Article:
You can’t see Paris from the George Washington Bridge. But the terrorist atrocity in the City of Light may be the event that makes it possible to look at Chris Christie without thinking of traffic cones and an act of gratuitous and capricious exercise of government power. If 2016 is going to be, as it looks to be at the moment, a foreign policy election where a good record on terrorism is a vital asset, then Christie’s chances to make an impact on the presidential race can’t be entirely discounted. Moreover, as the New York Times reports, his eloquent invocation of 9/11 in stump speeches may be starting to win the hearts of New Hampshire Republicans giving him a chance of at least a respectable finish in the first-in-the-nation primary. But the question to ask about Christie today isn’t just how much playing the 9/11 card will be worth to his candidacy. The other question some in the party may be asking today as his fortunes improve is whether a strong showing by Christie will actually serve to further divide GOP moderates and make it easier for a conservative like Ted Cruz or an outlier like Donald Trump to cruise to the nomination.
Even at his peak of popularity after his landslide re-election in 2013, the New Jersey governor wasn’t the frontrunner for the Republican presidential nomination that his backers claimed him to be. A northeastern politician best known among members of his party’s conservative wing for embracing Barack Obama days before the 2012 presidential election, Christie was always a long shot who would have needed a lot of things to go right to be his party’s choice for the White House. But after the Bridgegate scandal, Christie became a fringe candidate with no reasonable hope of winning.
But in a presidential field that had at one point 17 candidates, entering the race this year was something like buying a lottery ticket for Christie. Even though the odds were steep, with that many credible and not so credible contenders in the race, anything could happen so why not take a chance and throw your hat in the ring?
Christie was right about the “anything could happen” theory. Some strange things have already occurred in the race as Donald Trump went from a punchline to undoubted frontrunner. Ben Carson had a brief stay at the top of the polls. Scott Walker, a candidate that many thought a certain first-tier contender crashed and burned several months before a vote was cast. And Jeb Bush, the man who was supposed to be the frontrunner that would dominate the race, has floundered.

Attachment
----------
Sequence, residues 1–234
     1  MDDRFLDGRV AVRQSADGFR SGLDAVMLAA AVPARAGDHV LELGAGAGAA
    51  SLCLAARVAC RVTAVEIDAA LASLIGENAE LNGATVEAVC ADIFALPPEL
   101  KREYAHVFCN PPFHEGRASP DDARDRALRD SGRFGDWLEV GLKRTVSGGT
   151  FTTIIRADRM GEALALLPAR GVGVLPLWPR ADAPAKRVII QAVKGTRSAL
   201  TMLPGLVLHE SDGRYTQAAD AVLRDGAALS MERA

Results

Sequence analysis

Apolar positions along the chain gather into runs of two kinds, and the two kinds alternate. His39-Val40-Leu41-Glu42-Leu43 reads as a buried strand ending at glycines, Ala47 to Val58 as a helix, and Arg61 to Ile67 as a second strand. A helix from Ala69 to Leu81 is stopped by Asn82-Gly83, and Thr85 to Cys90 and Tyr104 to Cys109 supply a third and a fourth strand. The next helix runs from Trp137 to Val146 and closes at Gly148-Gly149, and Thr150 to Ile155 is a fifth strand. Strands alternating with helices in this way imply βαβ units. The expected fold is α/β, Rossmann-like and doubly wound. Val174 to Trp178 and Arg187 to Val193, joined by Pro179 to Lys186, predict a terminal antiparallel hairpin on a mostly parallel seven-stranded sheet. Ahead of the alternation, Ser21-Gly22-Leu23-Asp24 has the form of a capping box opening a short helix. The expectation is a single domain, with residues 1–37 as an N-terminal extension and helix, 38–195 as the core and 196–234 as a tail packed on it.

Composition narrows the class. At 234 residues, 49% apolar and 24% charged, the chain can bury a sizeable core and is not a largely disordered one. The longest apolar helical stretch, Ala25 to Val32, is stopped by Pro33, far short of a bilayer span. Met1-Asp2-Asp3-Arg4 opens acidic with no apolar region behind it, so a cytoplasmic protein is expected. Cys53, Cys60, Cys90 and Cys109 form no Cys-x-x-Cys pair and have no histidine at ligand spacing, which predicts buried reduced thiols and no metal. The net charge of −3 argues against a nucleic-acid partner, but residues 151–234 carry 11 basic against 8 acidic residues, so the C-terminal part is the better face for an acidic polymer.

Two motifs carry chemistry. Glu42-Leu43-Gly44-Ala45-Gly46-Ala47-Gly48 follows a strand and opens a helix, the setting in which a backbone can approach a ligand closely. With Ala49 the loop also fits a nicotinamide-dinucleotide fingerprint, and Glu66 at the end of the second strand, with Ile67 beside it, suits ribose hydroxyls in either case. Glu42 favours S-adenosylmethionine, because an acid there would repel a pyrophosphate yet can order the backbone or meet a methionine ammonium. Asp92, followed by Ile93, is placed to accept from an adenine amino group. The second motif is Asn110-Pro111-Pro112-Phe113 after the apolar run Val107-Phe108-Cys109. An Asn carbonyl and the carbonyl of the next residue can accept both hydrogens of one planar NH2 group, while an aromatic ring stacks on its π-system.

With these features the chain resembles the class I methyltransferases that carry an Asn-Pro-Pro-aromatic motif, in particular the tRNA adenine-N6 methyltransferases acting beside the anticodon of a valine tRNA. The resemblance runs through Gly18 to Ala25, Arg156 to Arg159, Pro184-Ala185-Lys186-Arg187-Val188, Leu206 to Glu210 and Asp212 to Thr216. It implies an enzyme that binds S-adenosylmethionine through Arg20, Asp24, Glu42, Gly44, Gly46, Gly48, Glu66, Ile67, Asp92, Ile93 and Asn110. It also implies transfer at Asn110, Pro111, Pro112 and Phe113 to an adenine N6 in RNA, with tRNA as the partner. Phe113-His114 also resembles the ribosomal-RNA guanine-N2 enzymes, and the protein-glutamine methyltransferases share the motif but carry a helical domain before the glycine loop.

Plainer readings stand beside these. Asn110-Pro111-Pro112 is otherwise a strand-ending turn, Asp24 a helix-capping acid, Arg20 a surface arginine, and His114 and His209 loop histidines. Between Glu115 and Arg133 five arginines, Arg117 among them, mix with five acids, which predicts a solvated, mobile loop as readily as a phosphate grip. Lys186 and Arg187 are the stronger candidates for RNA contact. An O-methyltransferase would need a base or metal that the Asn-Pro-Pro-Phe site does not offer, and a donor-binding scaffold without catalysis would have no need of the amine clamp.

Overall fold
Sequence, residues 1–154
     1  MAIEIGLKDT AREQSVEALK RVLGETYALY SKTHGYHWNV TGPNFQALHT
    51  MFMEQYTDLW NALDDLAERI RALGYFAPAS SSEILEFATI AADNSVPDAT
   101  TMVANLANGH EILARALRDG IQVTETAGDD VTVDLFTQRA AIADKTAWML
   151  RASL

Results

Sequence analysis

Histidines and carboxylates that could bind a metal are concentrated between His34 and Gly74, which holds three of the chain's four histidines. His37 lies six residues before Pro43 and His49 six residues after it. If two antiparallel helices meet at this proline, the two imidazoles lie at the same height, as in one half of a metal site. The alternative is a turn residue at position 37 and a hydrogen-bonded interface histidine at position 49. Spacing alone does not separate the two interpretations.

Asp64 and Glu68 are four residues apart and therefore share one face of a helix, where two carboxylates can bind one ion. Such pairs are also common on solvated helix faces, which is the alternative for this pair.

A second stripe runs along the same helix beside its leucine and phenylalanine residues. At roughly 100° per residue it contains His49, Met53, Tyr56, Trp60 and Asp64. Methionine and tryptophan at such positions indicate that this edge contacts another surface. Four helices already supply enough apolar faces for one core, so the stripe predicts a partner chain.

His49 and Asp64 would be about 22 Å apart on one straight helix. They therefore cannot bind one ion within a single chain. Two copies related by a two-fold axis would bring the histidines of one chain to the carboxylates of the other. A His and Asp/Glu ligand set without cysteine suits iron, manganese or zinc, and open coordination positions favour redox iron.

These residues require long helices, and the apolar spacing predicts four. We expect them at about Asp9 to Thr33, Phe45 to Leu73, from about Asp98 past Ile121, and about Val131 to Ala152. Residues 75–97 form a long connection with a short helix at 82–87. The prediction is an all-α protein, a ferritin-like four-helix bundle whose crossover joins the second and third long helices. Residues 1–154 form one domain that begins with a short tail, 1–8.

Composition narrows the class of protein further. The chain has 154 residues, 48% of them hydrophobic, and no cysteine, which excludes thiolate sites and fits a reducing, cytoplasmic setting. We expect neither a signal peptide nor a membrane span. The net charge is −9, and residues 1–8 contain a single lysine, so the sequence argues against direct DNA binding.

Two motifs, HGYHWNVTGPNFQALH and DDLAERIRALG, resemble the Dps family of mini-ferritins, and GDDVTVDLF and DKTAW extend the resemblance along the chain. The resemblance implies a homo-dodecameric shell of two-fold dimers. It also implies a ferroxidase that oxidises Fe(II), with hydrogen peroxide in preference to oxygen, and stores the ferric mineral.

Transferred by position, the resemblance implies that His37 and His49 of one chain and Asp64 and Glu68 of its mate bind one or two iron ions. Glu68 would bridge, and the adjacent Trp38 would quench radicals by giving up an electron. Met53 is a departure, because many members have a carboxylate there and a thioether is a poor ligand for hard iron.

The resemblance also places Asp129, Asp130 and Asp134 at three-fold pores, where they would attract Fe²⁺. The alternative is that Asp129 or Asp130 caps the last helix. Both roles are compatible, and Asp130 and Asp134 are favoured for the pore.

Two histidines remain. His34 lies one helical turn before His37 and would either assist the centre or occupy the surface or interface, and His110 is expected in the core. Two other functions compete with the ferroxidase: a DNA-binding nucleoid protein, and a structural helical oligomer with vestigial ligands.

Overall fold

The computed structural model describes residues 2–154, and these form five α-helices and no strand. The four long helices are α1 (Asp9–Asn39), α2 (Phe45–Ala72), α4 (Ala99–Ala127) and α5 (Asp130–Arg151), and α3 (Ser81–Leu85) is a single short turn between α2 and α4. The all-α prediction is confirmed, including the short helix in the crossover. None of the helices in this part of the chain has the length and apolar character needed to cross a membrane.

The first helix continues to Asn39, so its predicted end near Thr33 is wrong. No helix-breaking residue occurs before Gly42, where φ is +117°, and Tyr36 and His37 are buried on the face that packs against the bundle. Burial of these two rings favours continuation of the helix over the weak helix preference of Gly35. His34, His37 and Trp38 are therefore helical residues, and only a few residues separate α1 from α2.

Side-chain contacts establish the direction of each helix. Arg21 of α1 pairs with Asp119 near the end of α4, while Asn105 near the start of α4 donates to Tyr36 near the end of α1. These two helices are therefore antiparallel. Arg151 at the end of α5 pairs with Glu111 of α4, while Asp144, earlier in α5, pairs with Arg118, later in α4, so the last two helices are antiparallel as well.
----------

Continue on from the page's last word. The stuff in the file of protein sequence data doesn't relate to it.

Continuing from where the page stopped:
But even as Ted Cruz and Marco Rubio have established themselves as the most credible alternatives to Trump and Carson, Christie has remained among the also-rans stuck in the low single digits. He didn’t make the cut for the last main stage debate and it’s not clear whether he can recover enough to get back among the real contenders at the next one on December 15. The current Real Clear Politics average of national polls has him in eighth place with 3 percent. Even in New Hampshire, where he has devoted most of his efforts, he is no better than seventh in the Real Clear average with only 5.8 percent. In Iowa, he is stuck in tenth.
But Christie is one of the few Republicans who make sense about terrorism. And though he may be overplaying the 9/11 card in the mode of Rudy Giuliani, it has given voters an opportunity to reassess someone that many dismissed as a blowhard or a bully. Moreover, at a moment when the political conversation has been dominated by President Obama’s stubborn refusal to reassess a failed policy against ISIS and equally misguided wild statements from Trump and Carson, Christie has spoken common sense about these issues in a way that has only been approached by Marco Rubio.
Even if we assume — as perhaps we should — that the renewed interest in foreign policy and terrorism will be to his advantage, it’s hard to plot out a path to victory or even contention for Christie. He needs to survive the next two months and then pull off an upset of heroic proportions in New Hampshire to pump some life and cash into his candidacy. But even if that happens, it’s not easy to see where he would have another chance for a significant victory. Indeed, the only thing that Christie might accomplish by staying alive as other moderates fold is to further divide the votes of those who believe that either Trump or Cruz will lead the GOP to a Barry Goldwater-style landslide defeat. In order for him to do more than that, other seemingly stronger moderates like Rubio would have to collapse and Bush and Kasich will have to quit sooner rather than later. In other words, even after Paris, Christie remains one of the longest shots in the race.
In the end, all Governor Christie might have accomplished by running this year is to eventually erase Bridgegate from the ledger. That won’t be enough to make him a first-tier candidate, let alone the nominee or the next president. But considering how far he had fallen, it’s not exactly nothing.